Luke 18

1 He also spoke a parable to them that they must always pray, and not give up, 2 saying, “There was a judge in a certain city who didn’t fear God, and didn’t respect man. 3 A widow was in that city, and she often came to him, saying, ‘Defend me from my adversary!’ 4 He wouldn’t for a while, but afterward he said to himself, ‘Though I neither fear God, nor respect man, 5 yet because this widow bothers me, I will defend her, or else she will wear me out by her continual coming.’” 6 The Lord said, “Listen to what the unrighteous judge says. 7 Won’t God avenge his chosen ones, who are crying out to him day and night, and yet he exercises patience with them? 8 I tell you that he will avenge them quickly. Nevertheless, when the Son of Man comes, will he find faith on the earth?” 9 He spoke also this parable to certain people who were convinced of their own righteousness, and who despised all others. 10 “Two men went up into the temple to pray; one was a Pharisee, and the other was a tax collector. 11 The Pharisee stood and prayed to himself like this: ‘God, I thank you, that I am not like the rest of men, extortionists, unrighteous, adulterers, or even like this tax collector. 12 I fast twice a week. I give tithes of all that I get.’ 13 But the tax collector, standing far away, wouldn’t even lift up his eyes to heaven, but beat his breast, saying, ‘God, be merciful to me, a sinner!’ 14 I tell you, this man went down to his house justified rather than the other; for everyone who exalts himself will be humbled, but he who humbles himself will be exalted.” 15 They were also bringing their babies to him, that he might touch them. But when the disciples saw it, they rebuked them. 16 Jesus summoned them, saying, “Allow the little children to come to me, and don’t hinder them, for God’s Kingdom belongs to such as these. 17 Most certainly, I tell you, whoever doesn’t receive God’s Kingdom like a little child, he will in no way enter into it.” 18 A certain ruler asked him, saying, “Good Teacher, what shall I do to inherit eternal life?” 19 Jesus asked him, “Why do you call me good? No one is good, except one—God. 20 You know the commandments: ‘Don’t commit adultery,’ ‘Don’t murder,’ ‘Don’t steal,’ ‘Don’t give false testimony,’ ‘Honor your father and your mother.’” 21 He said, “I have observed all these things from my youth up.” 22 When Jesus heard these things, he said to him, “You still lack one thing. Sell all that you have, and distribute it to the poor. You will have treasure in heaven. Come, follow me.” 23 But when he heard these things, he became very sad, for he was very rich. 24 Jesus, seeing that he became very sad, said, “How hard it is for those who have riches to enter into God’s Kingdom! 25 For it is easier for a camel to enter in through a needle’s eye, than for a rich man to enter into God’s Kingdom.” 26 Those who heard it said, “Then who can be saved?” 27 But he said, “The things which are impossible with men are possible with God.” 28 Peter said, “Look, we have left everything, and followed you.” 29 He said to them, “Most certainly I tell you, there is no one who has left house, or wife, or brothers, or parents, or children, for God’s Kingdom’s sake, 30 who will not receive many times more in this time, and in the world to come, eternal life.” 31 He took the twelve aside, and said to them, “Behold, we are going up to Jerusalem, and all the things that are written through the prophets concerning the Son of Man will be completed. 32 For he will be delivered up to the Gentiles, will be mocked, treated shamefully, and spit on. 33 They will scourge and kill him. On the third day, he will rise again.” 34 They understood none of these things. This saying was hidden from them, and they didn’t understand the things that were said. 35 As he came near Jericho, a certain blind man sat by the road, begging. 36 Hearing a multitude going by, he asked what this meant. 37 They told him that Jesus of Nazareth was passing by. 38 He cried out, “Jesus, you son of David, have mercy on me!” 39 Those who led the way rebuked him, that he should be quiet; but he cried out all the more, “You son of David, have mercy on me!” 40 Standing still, Jesus commanded him to be brought to him. When he had come near, he asked him, 41 “What do you want me to do?” He said, “Lord, that I may see again.” 42 Jesus said to him, “Receive your sight. Your faith has healed you.” 43 Immediately he received his sight, and followed him, glorifying God. All the people, when they saw it, praised God.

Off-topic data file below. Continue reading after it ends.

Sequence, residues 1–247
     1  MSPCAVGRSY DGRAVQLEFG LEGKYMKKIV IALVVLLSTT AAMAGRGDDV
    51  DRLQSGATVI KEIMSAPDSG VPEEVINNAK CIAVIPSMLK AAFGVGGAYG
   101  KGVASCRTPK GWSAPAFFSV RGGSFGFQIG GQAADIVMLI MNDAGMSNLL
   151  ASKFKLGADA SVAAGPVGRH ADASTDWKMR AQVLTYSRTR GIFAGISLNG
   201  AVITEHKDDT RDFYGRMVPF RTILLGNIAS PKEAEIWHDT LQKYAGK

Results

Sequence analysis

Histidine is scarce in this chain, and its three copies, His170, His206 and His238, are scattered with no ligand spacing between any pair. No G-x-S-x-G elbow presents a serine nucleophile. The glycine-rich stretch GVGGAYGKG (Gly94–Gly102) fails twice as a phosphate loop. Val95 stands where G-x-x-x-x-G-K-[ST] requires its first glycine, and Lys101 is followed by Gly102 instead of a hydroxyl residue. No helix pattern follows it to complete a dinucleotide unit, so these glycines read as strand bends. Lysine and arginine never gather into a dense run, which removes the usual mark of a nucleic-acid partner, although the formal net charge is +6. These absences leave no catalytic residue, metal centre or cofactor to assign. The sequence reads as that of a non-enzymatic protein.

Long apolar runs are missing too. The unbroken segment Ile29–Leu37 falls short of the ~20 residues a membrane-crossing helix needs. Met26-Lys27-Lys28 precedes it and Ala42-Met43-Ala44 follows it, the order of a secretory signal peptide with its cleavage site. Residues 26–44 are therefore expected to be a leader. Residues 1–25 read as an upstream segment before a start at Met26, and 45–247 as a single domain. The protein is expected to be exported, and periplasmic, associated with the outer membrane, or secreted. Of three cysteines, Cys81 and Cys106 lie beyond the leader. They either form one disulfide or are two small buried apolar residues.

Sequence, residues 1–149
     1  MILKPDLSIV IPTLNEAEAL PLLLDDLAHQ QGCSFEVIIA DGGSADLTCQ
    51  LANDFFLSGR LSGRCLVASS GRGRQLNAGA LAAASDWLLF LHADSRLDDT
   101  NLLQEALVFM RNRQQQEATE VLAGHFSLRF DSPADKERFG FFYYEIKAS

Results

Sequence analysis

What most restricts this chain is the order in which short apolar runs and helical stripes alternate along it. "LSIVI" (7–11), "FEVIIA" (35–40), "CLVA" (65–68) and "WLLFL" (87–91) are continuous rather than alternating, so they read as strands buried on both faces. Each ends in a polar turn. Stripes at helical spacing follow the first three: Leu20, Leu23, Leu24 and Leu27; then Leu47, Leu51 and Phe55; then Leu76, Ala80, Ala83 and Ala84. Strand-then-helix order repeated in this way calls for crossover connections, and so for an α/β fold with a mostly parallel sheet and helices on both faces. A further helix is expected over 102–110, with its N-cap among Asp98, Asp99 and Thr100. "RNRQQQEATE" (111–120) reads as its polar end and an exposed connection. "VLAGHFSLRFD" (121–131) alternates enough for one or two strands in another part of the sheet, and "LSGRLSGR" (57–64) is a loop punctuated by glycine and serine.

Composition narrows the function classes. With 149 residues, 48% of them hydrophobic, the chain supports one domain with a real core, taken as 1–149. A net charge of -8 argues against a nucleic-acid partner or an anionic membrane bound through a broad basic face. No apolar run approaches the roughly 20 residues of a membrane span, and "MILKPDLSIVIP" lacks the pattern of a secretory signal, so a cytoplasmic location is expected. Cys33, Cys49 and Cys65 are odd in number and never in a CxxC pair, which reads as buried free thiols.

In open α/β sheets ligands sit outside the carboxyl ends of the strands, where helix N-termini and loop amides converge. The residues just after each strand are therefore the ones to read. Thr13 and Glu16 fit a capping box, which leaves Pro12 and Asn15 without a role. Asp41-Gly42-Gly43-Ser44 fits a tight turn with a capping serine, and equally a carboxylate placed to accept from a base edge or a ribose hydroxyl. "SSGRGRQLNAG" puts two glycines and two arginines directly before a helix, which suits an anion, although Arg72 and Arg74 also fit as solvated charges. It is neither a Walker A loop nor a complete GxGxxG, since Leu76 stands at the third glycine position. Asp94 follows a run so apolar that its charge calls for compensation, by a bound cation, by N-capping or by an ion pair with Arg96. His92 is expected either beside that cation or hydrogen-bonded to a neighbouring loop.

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Questions about today’s reading? See if Matthew Henry can help.